So, the tat shop. I think it was called the Raven Shop. As I said, most of it was pretty normal, standard tat. There were some very pretty chess sets (extremely expensive) and some interesting books, but mostly, it was very standard. There was, however, in a glass box, some paper figures, one kneeling, and one with an ax held high. I barely glanced at it, not quite long enough to register exactly what it was, just long enough to know I didn't wish to look further. When you remember that one of my passions is pop-up books, my sudden aversion without processing strikes me as interesting. A shop girl said, "Oh, you have to see this. It's so neat!" I turned around. She pushed a button on the box containing the paper figures, and the paper figure with the ax lowered his arms, the ax landed on the paper figure kneeling, and the head fell off. I said, very loudly, "EEEK!" and started to walk quickly away. "That's horrible," I added, feeling badly about being mean to the shop girl, but at the same time really weirded out. She called after me, "It's not horrible, it's cute!"

I dunno. If this was my history, if I got taught it repeatedly in school, if it was part of my heritage, maybe my emotional responses to it would be a lot more like the shop girl than the ones I had. But honestly, how is a beheading cute? Ok, then. Tat shop 1, Lydy 0.

The last full day in London, I went into several tat shops, looking for a thing to take home that wasn't embarrassingly daft. I finally settled on a black t-shirt with the Tube map on it. It was only twelve pounds, and I am inordinately pleased with it. I vaguely regret the Bobby Bear, but well. I would have been embarrassed later.

Why you deserve it

May. 26th, 2017 01:24 pm
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[personal profile] mrissa

Originally published at Novel Gazing Redux. You can comment here or there.

I have just finished watching season 1 of Skin Wars on a friend’s recommendation. It is very very far from my usual sort of thing: it’s a reality show that’s a competition in body painting. My friend promised that it was very low on the interpersonal cattiness/drama, with lots of very skilled work and a certain amount of people learning stuff about their art, learning from each other. New art and learning? Hey, I’m there for that. And I was immediately hooked, and I will definitely watch the other two seasons, especially since my friend is a person who would have warned me if there was a lot of body-shaming weirdness in store.

One of the things that fascinates me is that the artists involved in this were often financially struggling–it’s not a fast route to fame and fortune–and they had pretty well-entrenched justifications for why they deserved success that were not always easy to dislodge by circumstances that really should have dislodged them. Examples:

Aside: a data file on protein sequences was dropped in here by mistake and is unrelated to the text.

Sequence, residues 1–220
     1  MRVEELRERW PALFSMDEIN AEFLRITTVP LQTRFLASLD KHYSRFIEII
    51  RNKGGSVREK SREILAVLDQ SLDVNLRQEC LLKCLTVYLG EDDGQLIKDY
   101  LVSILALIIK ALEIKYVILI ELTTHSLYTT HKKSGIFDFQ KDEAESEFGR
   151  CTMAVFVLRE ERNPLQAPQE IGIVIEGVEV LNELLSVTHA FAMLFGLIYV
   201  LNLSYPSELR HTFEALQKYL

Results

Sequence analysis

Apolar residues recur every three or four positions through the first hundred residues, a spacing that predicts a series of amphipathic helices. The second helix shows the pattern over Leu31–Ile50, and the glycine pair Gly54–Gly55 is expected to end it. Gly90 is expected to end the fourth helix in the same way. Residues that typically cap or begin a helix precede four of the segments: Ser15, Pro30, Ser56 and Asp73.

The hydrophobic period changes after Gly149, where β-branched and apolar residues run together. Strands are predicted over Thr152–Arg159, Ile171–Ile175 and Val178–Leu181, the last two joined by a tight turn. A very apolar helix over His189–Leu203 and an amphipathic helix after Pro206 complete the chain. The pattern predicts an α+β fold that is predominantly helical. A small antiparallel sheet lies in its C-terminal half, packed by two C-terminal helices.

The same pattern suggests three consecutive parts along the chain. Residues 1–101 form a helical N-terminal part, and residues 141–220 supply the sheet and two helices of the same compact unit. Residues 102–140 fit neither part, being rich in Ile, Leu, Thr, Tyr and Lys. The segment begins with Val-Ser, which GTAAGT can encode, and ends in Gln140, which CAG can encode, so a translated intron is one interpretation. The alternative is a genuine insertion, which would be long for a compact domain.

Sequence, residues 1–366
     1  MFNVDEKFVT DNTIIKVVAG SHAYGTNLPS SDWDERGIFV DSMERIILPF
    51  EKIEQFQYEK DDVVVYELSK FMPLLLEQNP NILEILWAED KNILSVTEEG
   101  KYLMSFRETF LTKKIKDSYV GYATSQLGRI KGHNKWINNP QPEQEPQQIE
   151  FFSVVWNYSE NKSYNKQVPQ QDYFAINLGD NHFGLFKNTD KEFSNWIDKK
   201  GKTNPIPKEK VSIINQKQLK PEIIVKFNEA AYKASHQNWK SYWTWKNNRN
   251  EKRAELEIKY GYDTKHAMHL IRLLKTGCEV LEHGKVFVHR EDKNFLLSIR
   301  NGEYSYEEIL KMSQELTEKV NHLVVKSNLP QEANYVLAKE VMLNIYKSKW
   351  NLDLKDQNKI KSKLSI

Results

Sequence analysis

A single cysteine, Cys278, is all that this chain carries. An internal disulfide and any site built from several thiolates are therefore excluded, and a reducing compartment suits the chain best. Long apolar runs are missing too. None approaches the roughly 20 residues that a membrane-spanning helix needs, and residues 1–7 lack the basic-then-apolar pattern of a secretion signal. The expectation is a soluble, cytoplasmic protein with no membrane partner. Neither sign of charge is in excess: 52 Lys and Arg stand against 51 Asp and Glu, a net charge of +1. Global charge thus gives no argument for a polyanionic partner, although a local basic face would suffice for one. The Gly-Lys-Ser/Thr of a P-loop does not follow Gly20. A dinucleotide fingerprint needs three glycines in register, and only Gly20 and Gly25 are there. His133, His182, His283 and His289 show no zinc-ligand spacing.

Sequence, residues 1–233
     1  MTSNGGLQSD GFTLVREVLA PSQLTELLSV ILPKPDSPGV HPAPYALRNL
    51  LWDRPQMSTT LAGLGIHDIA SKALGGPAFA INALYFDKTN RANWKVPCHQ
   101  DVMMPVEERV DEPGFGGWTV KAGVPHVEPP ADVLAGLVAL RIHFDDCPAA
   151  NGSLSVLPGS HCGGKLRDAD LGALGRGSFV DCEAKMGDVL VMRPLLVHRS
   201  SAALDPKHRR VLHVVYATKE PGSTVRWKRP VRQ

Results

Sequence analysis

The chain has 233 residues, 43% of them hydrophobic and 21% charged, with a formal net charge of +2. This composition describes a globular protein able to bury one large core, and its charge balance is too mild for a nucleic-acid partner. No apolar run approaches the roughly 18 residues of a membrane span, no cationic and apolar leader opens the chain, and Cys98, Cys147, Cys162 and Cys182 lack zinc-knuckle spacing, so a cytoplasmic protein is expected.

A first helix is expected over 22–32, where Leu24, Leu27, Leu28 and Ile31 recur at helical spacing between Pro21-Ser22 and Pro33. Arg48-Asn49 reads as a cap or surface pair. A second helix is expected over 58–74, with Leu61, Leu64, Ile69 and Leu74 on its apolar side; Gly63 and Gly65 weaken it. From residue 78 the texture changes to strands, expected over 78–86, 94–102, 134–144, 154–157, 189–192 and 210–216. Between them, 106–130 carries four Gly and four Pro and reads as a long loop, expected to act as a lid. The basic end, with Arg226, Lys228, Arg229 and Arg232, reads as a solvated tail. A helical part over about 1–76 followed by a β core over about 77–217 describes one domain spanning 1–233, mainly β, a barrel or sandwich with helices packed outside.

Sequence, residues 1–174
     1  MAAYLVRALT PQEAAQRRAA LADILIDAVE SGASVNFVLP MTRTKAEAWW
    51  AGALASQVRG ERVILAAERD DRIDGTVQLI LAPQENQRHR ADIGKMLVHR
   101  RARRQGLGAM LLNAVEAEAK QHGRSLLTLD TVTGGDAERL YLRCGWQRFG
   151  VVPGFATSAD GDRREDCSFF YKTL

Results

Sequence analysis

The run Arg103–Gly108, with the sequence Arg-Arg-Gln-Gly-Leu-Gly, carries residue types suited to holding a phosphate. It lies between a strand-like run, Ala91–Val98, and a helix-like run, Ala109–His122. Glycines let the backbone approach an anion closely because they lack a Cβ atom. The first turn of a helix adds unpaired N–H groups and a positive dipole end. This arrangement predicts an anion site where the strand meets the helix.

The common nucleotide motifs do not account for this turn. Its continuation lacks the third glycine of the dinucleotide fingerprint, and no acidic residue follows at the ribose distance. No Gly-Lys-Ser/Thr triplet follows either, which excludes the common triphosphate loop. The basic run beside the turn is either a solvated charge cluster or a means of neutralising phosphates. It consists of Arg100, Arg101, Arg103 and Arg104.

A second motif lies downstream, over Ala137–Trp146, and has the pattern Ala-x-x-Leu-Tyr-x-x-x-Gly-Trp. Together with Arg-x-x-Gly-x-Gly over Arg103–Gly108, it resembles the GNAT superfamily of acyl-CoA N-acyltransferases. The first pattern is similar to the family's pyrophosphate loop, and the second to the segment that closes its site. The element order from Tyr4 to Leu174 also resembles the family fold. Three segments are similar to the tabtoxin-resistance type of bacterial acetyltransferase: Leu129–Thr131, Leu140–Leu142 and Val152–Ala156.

I have put in the time. I have worked long hours. This is a competition with firmly set time limits, around each piece and around the competition as a whole. Each artist gets literally exactly the same amount of time. There are no examples of artists putting their feet up and being done early, and beyond that here is absolutely no way for anyone to put in more time than anyone else. Eventually this got clarified to:

I have put in the time. I spent my whole life learning this. Finally someone turned to the person who kept repeating this and said, how old are you? and determined that they were very close to the same age. And that they had both spent their whole life learning it, so…yeah. Not a distinguishing feature. I’ve seen both of these at conventions, though: I have devoted more time to science fiction than the other people at my day job! And I’ve seen a certain amount of it in various factions in the field who are convinced that they are the ones who are truly, deeply devoted–and that that kind of devotion has to be what matters. (Spoiler: it does not have to be. Sorry.)

I need it the most. My living conditions are worse than other people’s without recognition. There are indeed need-based scholarships for various types of study, and I’m very glad. But they’re usually clearly labeled, and “I like your art a lot” and “I think you need money” are not actually the same thing–and “you should like my art a lot because I need money” doesn’t actually work very well.